2. How does your grief impact your relationships with others? 

Grief permeates every inch of your life, from your ability to do your job to your relationships with others. Some people isolate themselves from friends and family after a loss, which may feel beneficial in the immediate but can be detrimental to them in the long run.

Writing about how your grief is impacting your relationship with others allows you to identify, set, and maintain, boundaries, effectively communicate your needs, and help remedy connections damaged by the grief.  

3. Write about a comforting memory of who or what you’re grieving. 

After a loved one’s death, it’s hard not to remember all the bad moments that led up to their final moments. However, ruminating on the negative may do more harm than good. Instead, spend time thinking about your favorite memories. Pretend you’re back in that moment, and write about a time in a descriptive journal page about it.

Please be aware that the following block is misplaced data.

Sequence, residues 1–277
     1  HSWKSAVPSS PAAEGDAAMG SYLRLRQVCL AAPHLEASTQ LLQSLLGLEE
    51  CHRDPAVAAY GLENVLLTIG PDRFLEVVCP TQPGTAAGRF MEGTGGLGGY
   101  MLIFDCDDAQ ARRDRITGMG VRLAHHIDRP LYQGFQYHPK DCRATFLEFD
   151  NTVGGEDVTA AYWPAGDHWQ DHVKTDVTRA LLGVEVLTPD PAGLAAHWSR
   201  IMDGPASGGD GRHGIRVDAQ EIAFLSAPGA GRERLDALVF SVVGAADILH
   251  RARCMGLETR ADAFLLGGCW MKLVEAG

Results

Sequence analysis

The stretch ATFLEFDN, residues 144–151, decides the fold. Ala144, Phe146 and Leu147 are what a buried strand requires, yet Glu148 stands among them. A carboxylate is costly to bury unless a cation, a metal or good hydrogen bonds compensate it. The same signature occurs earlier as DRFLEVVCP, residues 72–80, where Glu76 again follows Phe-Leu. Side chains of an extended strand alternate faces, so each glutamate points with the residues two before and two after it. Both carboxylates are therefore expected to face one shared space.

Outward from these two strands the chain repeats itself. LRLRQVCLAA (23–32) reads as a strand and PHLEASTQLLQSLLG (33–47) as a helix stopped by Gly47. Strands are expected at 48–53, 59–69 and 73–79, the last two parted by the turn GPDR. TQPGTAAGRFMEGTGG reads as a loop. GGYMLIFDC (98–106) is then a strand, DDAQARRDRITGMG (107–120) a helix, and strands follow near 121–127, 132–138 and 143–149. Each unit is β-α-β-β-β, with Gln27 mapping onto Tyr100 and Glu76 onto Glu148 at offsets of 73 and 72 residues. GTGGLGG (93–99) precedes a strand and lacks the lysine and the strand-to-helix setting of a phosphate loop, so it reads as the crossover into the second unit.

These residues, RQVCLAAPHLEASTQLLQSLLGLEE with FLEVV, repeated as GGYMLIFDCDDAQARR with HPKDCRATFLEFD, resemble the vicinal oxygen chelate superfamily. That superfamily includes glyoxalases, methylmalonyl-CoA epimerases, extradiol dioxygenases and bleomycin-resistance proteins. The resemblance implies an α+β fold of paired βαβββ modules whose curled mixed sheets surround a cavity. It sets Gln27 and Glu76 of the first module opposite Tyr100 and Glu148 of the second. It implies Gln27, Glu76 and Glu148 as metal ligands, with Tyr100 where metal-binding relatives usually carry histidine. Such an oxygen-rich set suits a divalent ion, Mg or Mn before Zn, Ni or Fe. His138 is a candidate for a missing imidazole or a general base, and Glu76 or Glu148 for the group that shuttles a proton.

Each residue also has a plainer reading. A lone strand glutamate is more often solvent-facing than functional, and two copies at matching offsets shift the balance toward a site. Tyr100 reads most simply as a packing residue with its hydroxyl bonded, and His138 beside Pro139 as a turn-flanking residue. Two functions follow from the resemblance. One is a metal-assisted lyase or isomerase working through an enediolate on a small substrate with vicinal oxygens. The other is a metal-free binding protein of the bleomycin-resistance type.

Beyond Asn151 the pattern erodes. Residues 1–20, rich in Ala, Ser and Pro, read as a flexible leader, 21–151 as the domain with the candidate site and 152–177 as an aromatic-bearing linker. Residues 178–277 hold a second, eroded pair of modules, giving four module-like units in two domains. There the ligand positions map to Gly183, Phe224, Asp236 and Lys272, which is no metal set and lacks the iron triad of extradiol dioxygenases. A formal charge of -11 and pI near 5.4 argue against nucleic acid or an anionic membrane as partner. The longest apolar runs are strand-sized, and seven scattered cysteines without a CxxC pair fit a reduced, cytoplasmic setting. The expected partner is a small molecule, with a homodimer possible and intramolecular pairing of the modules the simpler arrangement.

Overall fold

4. Identify the emotions you’re feeling. If you can’t think of the exact name, describe what your brain feels like. 

During grief, the brain produces dozens of complex emotions, but it can be challenging to identify them. Start this journal prompt by engaging with your emotional landscape, reflecting on your feelings' intensity, breadth, and depth.

Describe the physical sensations in your brain and thoughts (positive and negative) in your mind. Ask yourself: Where is my grief trauma being stored in my body? This empowers you to move forward with your grief in a positive manner. 

5. What are you having a hard time with today? Keep a daily log of your thoughts. 

Sometimes, you have to take grief day by day. If you’re having a rough day, validate your struggle by writing out what you’re having a hard time with. This prompt uses mindfulness techniques, the act of being present in the moment, to calm you emotionally and physically. Examples of things to write about with this prompt are: